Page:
Cic edizioni internazionali
Clinical Dermatology

Comparison of two skincare regimens in healthy newborns during the first six weeks of life

Original Article, 99 - 105
doi: 10.11138/cderm/2017.5.3.099
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Background/objectives. The fragile skin of full-term newborns has not yet acquired all the qualities of adult skin and requires special attention. This study examines how two skincare regimens specifically designed for healthy newborns affect the development of normal skin barrier function and microflora.
Methods. In this open-label trial, healthy newborns aged <4 days were randomized 1:1 to apply a skin care oil, a cleansing oil, and a no-rinse cleansing oil (group 1) or only the cleansing oil and the no-rinse cleansing oil (group 2). Transepidermal water loss, skin hydration, skin pH, skin lipid index, and clinical skin condition were assessed at baseline and at weeks 3 and 6. Skin was swabbed at baseline and week 6 to assess microflora.
Results. Sixty newborns were included (n=30 per group) in the study. In both groups, skin lipid index and transepidermal water loss did not change from baseline, whereas pH significantly decreased and skin hydration significantly increased. At week 6, clinical skin condition, especially xerosis, was significantly better in the skincare group. Candida albicans was not detected in either group at baseline or week 6. Staphylococcus aureus, Staphylococcus epidermidis, and Malassezia global counts did not significantly differ at week 6 vs baseline.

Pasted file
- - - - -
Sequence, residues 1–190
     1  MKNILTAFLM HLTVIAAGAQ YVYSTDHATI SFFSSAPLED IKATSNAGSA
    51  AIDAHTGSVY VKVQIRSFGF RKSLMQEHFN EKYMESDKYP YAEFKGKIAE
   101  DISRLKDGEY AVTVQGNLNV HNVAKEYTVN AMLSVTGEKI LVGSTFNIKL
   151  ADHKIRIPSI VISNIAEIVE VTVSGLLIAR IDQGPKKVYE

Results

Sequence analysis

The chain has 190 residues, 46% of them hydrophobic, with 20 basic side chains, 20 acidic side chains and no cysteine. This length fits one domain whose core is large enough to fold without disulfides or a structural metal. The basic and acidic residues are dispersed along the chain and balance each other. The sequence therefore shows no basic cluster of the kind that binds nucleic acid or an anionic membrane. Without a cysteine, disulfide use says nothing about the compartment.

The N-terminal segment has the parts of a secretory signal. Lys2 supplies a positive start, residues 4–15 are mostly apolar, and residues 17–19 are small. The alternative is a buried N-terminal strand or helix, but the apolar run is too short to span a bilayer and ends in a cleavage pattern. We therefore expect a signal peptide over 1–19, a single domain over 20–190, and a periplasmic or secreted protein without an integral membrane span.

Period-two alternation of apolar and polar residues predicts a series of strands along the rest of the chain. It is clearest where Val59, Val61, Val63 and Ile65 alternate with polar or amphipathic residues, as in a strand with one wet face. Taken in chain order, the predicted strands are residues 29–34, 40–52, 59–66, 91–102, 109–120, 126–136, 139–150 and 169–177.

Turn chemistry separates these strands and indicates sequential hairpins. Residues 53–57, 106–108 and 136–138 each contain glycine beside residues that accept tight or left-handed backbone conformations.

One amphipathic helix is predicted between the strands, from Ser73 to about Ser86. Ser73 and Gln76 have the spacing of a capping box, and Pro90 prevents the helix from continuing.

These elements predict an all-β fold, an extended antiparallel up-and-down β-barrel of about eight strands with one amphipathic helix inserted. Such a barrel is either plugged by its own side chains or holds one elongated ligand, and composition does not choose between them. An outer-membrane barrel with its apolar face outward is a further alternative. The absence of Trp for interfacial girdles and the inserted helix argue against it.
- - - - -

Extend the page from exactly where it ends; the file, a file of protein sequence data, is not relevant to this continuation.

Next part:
Conclusion. This study showed that application of a skincare oil designed for newborn skin significantly improved skin condition in full-term healthy newborns.
In addition, the two skincare regimens did not differ significantly in their effects on the physiological course of skin barrier maturation, skin pH changes, or the development of the microflora.

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